Drama: “A Dolls House,” by Henrik Ibsen


The one play that seriously endured criticism and lasted much longer than anticipated was Henrik Ibsens Dolls house. For some strange reason, people continue to read this play and directors/producers enjoy enthralling the viewers with cinematic versions of this play. And if that is not enough, the play is regularly played on Broadway. There indeed is an enduring quality about the play that gives it a universal meaning and every woman especially married ones feel they can relate to the central character Nora. But as with all cinematic adaptations of play, Dolls houses various versions have shown inconsistencies in the depiction of the central character. The husbands character has remained more or less static primarily because it doesnt undergo a transformation in the play and basically doesnt evolve. On the other hand, Noras character takes a 360-degree turn at the end and we see a new completely transformed version of once subdued wife of Helmer.

The story is brilliantly built up for the twist near the end of the play. Nora, the simple and rather naive wife, of Torvald Helmer considers herself lucky to have married a man who adores her and whom she loves dearly. On the surface, everything is absolutely as it should be, two people are deeply in love with each other and they are leading a peaceful life. But it is when the story progresses that one realizes how the male leading character is taking advantage of his wife. Poor Nora is always made to believe that she should consider herself fortunate for having found a husband as perfect as Helmer and Nora worships him believing that he was like a god who could not do anything wrong. She is of the view that her husband is the perfect example of a man with upright shining morals, as Helmer was never seen doing anything socially unacceptable.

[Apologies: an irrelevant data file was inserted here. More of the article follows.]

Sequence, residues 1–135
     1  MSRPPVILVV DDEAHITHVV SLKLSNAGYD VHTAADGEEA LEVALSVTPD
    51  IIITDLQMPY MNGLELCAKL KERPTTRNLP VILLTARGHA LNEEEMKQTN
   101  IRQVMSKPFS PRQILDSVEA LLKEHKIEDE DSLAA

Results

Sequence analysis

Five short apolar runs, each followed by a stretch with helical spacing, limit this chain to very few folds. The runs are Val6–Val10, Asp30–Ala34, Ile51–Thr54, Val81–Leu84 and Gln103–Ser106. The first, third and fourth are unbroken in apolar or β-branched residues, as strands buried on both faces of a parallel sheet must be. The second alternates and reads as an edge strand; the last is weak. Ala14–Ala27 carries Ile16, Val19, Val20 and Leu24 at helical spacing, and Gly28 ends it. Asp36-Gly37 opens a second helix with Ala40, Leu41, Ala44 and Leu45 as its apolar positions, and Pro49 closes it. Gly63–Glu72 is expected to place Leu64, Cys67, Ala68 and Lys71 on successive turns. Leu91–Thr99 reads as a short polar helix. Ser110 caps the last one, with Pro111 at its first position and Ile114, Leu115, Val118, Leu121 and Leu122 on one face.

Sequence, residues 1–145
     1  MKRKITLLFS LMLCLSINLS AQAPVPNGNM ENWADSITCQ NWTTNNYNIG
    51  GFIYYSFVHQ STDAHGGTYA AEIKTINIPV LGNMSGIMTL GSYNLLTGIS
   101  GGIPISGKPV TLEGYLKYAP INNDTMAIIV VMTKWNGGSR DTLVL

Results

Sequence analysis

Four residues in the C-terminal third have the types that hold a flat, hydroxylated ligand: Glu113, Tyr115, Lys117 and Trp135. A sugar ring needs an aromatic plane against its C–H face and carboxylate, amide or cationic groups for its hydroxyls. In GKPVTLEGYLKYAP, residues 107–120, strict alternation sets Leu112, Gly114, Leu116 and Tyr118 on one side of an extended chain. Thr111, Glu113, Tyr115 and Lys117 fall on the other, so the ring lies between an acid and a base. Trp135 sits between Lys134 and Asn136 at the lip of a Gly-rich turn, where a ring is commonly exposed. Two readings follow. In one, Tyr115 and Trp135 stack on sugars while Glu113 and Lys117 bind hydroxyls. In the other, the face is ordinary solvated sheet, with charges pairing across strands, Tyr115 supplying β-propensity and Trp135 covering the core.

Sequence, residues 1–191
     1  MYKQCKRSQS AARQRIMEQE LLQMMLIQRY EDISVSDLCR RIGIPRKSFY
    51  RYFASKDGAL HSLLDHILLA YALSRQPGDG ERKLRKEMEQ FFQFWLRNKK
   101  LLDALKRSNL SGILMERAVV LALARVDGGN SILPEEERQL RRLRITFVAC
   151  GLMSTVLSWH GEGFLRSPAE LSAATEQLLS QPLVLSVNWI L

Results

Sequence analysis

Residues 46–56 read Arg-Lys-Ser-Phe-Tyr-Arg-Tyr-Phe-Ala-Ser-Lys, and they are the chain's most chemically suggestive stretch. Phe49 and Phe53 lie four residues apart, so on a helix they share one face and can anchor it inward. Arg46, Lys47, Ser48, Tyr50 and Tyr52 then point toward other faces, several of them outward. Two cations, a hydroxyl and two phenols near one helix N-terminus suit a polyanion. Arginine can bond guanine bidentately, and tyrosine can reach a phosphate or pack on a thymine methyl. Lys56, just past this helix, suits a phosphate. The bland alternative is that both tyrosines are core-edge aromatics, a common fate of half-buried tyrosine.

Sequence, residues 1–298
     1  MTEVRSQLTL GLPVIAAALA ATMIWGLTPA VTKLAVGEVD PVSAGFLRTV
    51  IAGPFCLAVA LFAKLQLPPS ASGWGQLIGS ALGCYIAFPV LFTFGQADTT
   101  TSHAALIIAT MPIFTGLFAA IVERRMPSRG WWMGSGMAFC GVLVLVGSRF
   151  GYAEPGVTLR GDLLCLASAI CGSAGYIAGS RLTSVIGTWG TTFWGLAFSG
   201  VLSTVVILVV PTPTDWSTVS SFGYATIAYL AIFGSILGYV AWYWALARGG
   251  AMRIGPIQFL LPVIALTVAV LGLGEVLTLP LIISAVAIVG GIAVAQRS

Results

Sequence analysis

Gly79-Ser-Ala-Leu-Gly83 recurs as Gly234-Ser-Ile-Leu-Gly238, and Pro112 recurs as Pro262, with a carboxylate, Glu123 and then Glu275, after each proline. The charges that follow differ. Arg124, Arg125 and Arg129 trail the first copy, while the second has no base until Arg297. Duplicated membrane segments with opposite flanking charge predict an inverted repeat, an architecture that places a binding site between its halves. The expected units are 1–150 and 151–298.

But as the story progresses, we notice dramatic contradictions in the character of Helmer unfolds slowly and gradually.

The wife realizes that the on man whom everyone despised in the area was not being thrown out of the bank where her husband was the supervisor because of his immoral character but because her husband had some old grudge against him. Nils Krogstad was a man with a rather checkered past but he was trying to make up for his past mistakes. A job at the bank was his first step in the right direction but Helmer, for his own selfish reason, tries to throw him out of work.

That is when Nora realizes how naive and absolutely foolish she had been about her husband and her duties. “You and father have done me a great wrong. Its your fault that my life has been wasted.”

In the 1973 film version of the play, Claire Bloom played the central lead role of Nora while Anthony Hopkins played Helmer. Patrick Garland directed the movie and Christopher Hampton wrote its screenplay. This was a time when womens movement was at its peak so the director knew the film version would appeal to the people. In the same year, Jane Fonda starred in the competing cinematic version of this play making it harder for people to understand which portrayal of Nora was more faithful to the actual character. Hilard Elkins produced the film who was incidentally also Claire Blooms husband.

The screenplay by Hampton was extremely close to the actual play since screenwriter had already worked on the stage version of the play. The film was nicely shot though there were some additions and subtractions that were meant to highlight the final message. The film is restricted to the interiors and manages to capture the one-day action of the play properly. Camera shots move from one room to another but mainly remain within the interiors of the house, and the director chose to add a Christmas ball scene too where Nora is shown dancing the.